Graduate of Medical School in Rosario, Argentina. Trained as a general surgeon at the Provincial Hospital in Rosario Argentina between 1981 and 1983.Emigrated to Germany to repeat medical degree and general surgical residency training between 1983 and 1990. Revalidated the MD degree and obtained title of general surgeon from the German Society of Surgeons. Worked as attending surgeon at the University Hospital, Krankenhaus Nordwest , Frankfurt, Germany during the period of 1990-1993. In 1993 emigrated to the US to work as a research fellow in MIS at UCLA/Cedars Sinai Medical Center until 1996. Revalidated MD degree( ECFMG) and repeated surgical residency training at The Mount Sinai Medical Center in New York between 1996-1999. Since 1999 Chairman of the Department of Minimally Invasive and Bariatric Surgery at Cleveland Clinic Florida. Professor of Surgery Florida International University and Associate professor of surgery at the University of South Florida. Director of the Minimally Invasive and Bariatric Fellowship Program. Cleveland Clinic, Weston Florida. Fellow of the American College of Surgeons, Fellow of the German Society of Surgery and Corresponding Fellow of the Argentinian Society of Surgery. He is a Fellow of the American Society of Metabolic and Bariatric Surgeons and Honorary Fellow of the German Society of Visceral Surgery. Active Member of the Board of Governors of SAGES. Chair of the International Centers of Excellence Program in Bariatric Surgery of the SRC. Co-Chair of the Go Global Initiative, SAGES. Chair of the International Committee of the ASMBS and active member of the Executive Board of the Fellowship Council. Active Member of the Training Committee, Institutional Relations, Clinical Outcomes and Emerging Technology Committees of The American Society of Metabolic and Bariatric Surgeons. Secretary and Board Member of the SAGES education and research Foundation. Dr. Rosenthal is the editor of Bariatric Times Magazine, is member of the editorial board of Obesity Surgery and Journal of Surgical Oncology. Dr. Rosenthal has published over 150 papers in peer reviewed journals, is conducting multiple FDA and clinical research trials. In addition, he is the editor of 3 textbooks in general and endoscopic surgery and author of over 50 chapters in general surgery books.
Yogen is an Associate Staff in the Department of Hematologic Oncology and Blood Disorders with a secondary appointment in the Department of Translational Hematology and Oncology Research at the Taussig Cancer Institute of the Cleveland Clinic, and an Associate Professor and the Cleveland Clinic Lerner College of Medicine at CWRU. Dr. Saunthararajah received undergraduate and medical degrees from the University of Wales College of Medicine, and completed medical and surgical internships at University Hospitals of Wales, United Kingdom. Dr. Saunthararajah served as a Captain (Military Medicine) in the Singapore Armed Forces, Singapore. A major objective of his laboratory's work is to develop therapy that selectively destroys malignant cells while sparing normal stem cells. To this end, the work covers a number of aspects: one aspect focuses on understanding the mechanisms by which malignant stem cells self-renew, and finding differences between malignant self-renewal and normal stem cell self-renewal. Another aspect focuses on identifying and developing drug-able compounds that target identified differences between normal and malignant self-renewal. A final aspect studies the pharmacologic properties and considerations of proposed agents to enable the clinical trials for selective malignant stem cell destruction. The other major objective of his efforts is to develop more effective methods for pharmacologic reactivation of fetal hemoglobin expression as a treatment for sickle cell disease and beta-thalassemia.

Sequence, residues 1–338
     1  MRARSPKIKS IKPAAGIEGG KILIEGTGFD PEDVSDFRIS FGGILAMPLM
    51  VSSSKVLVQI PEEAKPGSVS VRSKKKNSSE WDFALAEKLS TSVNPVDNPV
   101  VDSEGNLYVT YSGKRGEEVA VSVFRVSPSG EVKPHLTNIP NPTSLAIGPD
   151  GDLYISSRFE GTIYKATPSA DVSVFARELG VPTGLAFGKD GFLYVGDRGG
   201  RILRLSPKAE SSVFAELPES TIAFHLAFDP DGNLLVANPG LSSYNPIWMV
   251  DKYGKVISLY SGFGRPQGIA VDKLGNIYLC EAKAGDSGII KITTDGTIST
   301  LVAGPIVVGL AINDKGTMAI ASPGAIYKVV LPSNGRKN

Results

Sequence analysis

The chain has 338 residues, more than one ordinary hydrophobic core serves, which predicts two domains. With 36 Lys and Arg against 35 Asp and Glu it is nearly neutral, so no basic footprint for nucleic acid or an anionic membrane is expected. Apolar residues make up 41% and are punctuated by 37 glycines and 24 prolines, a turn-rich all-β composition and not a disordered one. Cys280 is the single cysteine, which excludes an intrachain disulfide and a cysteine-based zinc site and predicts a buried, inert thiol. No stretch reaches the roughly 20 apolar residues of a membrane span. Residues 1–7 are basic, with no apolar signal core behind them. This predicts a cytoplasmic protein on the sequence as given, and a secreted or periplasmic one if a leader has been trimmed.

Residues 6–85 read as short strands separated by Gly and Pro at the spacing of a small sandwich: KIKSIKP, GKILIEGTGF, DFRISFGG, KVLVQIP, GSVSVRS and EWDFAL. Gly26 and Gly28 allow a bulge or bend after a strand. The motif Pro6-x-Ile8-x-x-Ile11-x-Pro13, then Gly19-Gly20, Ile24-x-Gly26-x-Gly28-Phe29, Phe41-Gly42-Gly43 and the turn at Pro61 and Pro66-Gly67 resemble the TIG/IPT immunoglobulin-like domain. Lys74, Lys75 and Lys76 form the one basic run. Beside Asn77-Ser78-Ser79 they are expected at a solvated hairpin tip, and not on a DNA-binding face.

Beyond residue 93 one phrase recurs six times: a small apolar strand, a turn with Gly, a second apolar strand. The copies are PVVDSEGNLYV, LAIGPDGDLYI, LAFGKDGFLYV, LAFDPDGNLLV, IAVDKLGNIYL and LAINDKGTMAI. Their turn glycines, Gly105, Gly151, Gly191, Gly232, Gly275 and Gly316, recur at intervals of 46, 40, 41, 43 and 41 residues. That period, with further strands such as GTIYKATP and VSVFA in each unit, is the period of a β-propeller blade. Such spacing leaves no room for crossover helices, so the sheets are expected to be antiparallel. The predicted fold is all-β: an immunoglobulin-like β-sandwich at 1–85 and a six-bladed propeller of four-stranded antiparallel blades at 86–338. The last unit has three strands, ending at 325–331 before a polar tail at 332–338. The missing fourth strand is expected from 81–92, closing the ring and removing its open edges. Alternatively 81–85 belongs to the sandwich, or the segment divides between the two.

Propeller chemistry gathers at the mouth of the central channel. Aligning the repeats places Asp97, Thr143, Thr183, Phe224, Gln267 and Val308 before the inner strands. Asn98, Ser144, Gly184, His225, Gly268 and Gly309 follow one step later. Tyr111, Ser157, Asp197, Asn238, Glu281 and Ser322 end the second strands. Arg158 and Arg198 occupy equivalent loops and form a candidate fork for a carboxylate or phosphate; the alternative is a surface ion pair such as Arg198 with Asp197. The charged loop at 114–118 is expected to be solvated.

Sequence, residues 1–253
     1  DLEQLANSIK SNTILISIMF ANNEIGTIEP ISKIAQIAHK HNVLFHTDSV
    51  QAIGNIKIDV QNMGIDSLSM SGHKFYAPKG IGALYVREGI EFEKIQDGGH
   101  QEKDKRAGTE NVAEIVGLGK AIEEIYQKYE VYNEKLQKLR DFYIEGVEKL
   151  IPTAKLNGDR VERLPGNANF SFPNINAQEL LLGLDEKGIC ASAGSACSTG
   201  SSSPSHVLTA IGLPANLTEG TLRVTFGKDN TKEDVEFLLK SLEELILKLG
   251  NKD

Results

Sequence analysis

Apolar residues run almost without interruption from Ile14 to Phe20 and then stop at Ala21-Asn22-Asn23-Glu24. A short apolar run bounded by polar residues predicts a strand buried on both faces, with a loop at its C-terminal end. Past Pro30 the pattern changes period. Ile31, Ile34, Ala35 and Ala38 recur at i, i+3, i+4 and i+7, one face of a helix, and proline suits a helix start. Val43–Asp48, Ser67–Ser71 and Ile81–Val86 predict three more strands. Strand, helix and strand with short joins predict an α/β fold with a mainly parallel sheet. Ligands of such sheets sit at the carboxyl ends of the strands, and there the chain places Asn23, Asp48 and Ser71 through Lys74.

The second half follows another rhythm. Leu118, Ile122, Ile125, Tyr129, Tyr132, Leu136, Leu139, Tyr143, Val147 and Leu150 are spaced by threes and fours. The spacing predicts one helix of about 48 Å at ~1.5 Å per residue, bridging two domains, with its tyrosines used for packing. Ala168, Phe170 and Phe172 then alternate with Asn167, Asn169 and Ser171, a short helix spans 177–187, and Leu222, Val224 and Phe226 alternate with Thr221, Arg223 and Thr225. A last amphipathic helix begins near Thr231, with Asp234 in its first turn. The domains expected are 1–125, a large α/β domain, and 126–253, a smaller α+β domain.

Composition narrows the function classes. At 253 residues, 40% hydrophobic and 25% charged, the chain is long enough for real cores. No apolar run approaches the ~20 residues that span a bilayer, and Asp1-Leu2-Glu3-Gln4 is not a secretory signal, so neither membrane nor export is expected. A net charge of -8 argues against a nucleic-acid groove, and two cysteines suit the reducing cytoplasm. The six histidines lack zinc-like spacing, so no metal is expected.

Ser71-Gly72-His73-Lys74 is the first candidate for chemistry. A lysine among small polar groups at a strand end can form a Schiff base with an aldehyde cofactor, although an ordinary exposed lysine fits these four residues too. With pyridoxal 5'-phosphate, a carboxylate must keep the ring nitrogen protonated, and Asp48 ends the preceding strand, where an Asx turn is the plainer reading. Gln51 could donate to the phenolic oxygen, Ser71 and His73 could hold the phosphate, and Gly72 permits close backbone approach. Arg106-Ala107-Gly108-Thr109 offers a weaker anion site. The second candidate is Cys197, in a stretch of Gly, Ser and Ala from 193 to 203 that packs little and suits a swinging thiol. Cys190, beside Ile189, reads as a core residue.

Dr. Schaffer is Technology and Systems Chief in the Adult Reconstruction Section and leads the Advanced Operative Technology Group in the Orthopaedic Clinical Research Center and the Department of Orthopaedic Surgery at Cleveland Clinic. His clinical interests include the treatment of arthritic knees and the application of new technologies in surgical care. Dr. Schaffer is an active member of many professional societies including the American College of Physician Executives, the American Orthopaedic Association, the American Society for Quality and the American Medical Informatics Association. He is an elected fellow of the Healthcare Information and Management Systems Society and the American Academy of Orthopaedic Surgeons and was named to the Alpha Omega Alpha Honor Medical Society. He is also active with public safety forces including his services to his community as an on-call firefighter and police department surgeon. A frequent lecturer at regional, national and international information technology and medical meetings, Schaffer has authored more than 125 articles, book chapters and textbooks. In addition, he has developed a number of multimedia programs and computer software applications on patient outcomes, process engineering and patient education. He and his teams have received several awards for medical Web site development. Dr. Schaffer is a graduate of Case Western Reserve University School of Medicine in Cleveland. He completed his internship and residency in orthopaedic surgery at the University of Pennsylvania Affiliated Hospitals in Philadelphia. He completed a fellowship in adult reconstruction at the Brigham and Women's Hospital and Harvard Medical School in Boston and a research fellowship at Children's Hospital of Boston and Harvard Medical School. Dr. Schaffer also holds a Master's in Business Administration from the Kellogg Graduate School of Management at Northwestern University in Evanston, Ill. Prior to his appointment at The Cleveland Clinic, he was Assistant Professor of Orthopaedic Surgery at Harvard Medical School and Brigham and Women's Hospital in Boston. At Harvard, Dr. Schaffer was also Associate Director of the Decision Systems Group, a medical informatics laboratory and Chief Executive Officer of Harmonie Group, Inc., a software company spun off from the laboratory with external funding.